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Diego Lopez and AC Milan Agree to Personal Terms

I am having a hard time understanding how the imminent signing of Diego Lopez from Real Madrid is A. a good thing and B. relegates Abbiati to the bench?

Gonzalo Arroyo Moreno

I often scratch my head when I read the comments on this blog related to Goalkeepers.  For a long time, I was a goalkeeper and my first job in Coaching was goalkeeper scouting for a local University until I became a goalkeeper Coach for the local High School and Premier Club.  Eventually I moved on, but it all started with some understanding of the guy that stands between the sticks.  I am actually possible how or why this move was needed or can be considered a good one?

First and foremost, at 32, Diego Lopez is the perfect age for a GK.  He has enough experience to have calmed his nerves and had some solid performance over the last few years.  That; however, is part of my problem.  They guy is a relatively unknown commodity and while we often sit here in the comments and say we want to see demonstrated success over more than a season from a certain Coach or Player that logic is now thrown out the window? He played good football behind a great team.  Is he the guaranteed starter next season for AC Milan, heck no, and if the other two guys were not Agazzi and Gabriel you would argue he may not be the number two!  Now I am all for a good competition between players to push them both, and maybe he wins the GK battle and earns the job, I am OK with that.  But to give him that status right now is silly.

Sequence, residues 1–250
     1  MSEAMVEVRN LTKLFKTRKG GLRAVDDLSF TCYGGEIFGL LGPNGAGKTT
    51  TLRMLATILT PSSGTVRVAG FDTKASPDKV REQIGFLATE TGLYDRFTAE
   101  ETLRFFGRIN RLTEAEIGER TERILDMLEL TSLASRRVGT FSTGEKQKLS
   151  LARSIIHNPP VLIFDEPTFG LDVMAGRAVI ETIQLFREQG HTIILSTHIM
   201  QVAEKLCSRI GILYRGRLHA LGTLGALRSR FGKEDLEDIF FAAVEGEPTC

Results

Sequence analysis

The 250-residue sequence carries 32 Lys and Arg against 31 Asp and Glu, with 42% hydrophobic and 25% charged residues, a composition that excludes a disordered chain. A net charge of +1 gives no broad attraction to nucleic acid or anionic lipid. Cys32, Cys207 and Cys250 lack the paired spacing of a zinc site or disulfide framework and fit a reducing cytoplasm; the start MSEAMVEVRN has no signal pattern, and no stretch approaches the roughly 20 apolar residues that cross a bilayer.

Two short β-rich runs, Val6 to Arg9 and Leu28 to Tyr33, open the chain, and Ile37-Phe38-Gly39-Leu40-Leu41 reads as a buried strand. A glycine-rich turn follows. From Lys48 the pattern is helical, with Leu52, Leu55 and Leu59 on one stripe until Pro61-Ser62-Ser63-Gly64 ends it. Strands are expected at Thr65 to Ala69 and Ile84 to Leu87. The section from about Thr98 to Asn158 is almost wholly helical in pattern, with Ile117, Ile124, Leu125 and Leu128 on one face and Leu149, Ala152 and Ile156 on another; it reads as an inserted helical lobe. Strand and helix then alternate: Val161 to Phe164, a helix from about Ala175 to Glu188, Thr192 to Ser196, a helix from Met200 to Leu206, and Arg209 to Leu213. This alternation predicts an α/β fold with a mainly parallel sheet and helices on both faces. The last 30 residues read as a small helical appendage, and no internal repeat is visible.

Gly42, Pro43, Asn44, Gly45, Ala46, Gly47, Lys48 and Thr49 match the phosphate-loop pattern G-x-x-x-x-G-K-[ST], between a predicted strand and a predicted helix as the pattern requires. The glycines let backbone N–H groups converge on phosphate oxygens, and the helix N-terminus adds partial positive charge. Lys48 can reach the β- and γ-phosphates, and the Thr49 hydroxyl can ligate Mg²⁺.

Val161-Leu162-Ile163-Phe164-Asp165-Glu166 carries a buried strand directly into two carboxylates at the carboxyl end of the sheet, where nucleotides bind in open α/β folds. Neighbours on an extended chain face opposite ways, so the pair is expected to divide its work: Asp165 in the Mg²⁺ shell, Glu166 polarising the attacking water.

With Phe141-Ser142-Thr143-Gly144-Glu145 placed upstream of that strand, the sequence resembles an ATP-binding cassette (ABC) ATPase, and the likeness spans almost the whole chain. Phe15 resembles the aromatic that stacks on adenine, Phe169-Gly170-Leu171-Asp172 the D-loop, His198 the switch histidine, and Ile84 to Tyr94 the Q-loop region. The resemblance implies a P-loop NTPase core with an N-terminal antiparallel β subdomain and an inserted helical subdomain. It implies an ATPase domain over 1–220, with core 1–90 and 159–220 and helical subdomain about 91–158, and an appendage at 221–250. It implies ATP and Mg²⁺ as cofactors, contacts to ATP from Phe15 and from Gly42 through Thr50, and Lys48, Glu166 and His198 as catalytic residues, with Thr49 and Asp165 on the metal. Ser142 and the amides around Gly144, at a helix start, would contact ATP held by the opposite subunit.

Abbiati is a quite leader on this team, he was won Titles and Champions League Trophies, and to simply dismiss him is a bit disrespectful not to mention a bit silly considering his lifetime numbers are superior to Diego Lopez with more games played which usually hurts a GK.  Abbiati did not have the luxury of playing with a solid team last season so while his performances may not have been up to his usual par he faced more shots, was exposed more often  frankly had a crap defense.

At the end of the day this is a lateral move, the sort of stuff that has defined the Milan transfer market for the last few seasons.  Instead of placing an eye on the future and investing in someone like Perin, Milan cheaps out, plunks down a lot of money in wages and sets up the exact same situation two to three years down the line.  They did it with Amelia and they are doing it now.  The right move was right there, Niang plus cash for Mattia Perin, and Milan took the wrong move as they have done time and time again over the last three seasons.